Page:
Some mutations can be both good and bad, in different ways, depending on who they affect. For example, biochemical mutations such as sickle cell anaemia can affect the well being or the survival of an individual significantly. Sickle cell is the result of a point mutation in the gene for haemoglobin in red blood cells. This mutation causes the cells, when deoxygenated, to become distorted and they take on a kind of sickle shaped appearance. This is not such a good thing, as it means that they can easily block the capillaries and cut off circulation to certain parts of the body. To express sickle cell to this extent, though, two copies of the mutated gene are needed, and the disease is generally fatal. In general, therefore, this is normally an undesirable mutation as it reduces the efficiency of the blood. However, this mutation is at a much higher frequency among people with an African descent, and those that live in areas where malaria is rife. This is because, if only one copy of the sickle cell gene is present in the genome, the person will have sickle shaped blood cells, but they will also be protected against malaria due to the unusual shape of their blood cells – which, of course, is beneficial and not at all a bad thing. The image shows the contrast between normal red blood cells and sickle cells.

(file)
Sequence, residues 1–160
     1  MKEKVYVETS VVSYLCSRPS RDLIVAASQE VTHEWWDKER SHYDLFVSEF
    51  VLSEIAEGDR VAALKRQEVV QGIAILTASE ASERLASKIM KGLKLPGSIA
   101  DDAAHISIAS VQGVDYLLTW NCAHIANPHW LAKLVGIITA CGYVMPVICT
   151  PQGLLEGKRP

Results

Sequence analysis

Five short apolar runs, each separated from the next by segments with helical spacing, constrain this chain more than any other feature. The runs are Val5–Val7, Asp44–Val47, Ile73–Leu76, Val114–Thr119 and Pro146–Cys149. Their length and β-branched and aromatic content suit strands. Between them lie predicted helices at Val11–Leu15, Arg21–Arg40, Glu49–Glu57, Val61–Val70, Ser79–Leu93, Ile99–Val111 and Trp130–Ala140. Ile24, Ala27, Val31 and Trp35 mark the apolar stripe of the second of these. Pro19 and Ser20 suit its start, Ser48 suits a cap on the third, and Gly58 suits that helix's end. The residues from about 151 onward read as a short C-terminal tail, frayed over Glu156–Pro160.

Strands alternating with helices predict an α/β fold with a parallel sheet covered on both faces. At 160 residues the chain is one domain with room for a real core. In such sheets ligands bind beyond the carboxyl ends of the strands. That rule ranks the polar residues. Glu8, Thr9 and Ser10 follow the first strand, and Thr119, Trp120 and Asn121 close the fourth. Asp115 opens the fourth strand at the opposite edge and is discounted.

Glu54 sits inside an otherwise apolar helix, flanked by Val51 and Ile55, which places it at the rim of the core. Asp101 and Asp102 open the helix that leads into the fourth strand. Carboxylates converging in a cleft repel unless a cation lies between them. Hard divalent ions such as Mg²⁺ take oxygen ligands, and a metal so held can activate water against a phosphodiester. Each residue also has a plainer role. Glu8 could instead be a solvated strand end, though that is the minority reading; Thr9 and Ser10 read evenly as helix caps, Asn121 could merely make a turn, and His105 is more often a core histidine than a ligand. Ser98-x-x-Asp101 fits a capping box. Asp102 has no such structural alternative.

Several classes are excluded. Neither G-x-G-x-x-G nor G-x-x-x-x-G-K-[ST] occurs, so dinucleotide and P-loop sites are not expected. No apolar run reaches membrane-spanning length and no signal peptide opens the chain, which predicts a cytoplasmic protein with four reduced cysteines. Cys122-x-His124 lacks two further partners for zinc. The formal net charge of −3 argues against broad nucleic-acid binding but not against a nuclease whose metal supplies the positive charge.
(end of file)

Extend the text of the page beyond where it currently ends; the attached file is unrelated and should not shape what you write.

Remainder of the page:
"Bad mutations"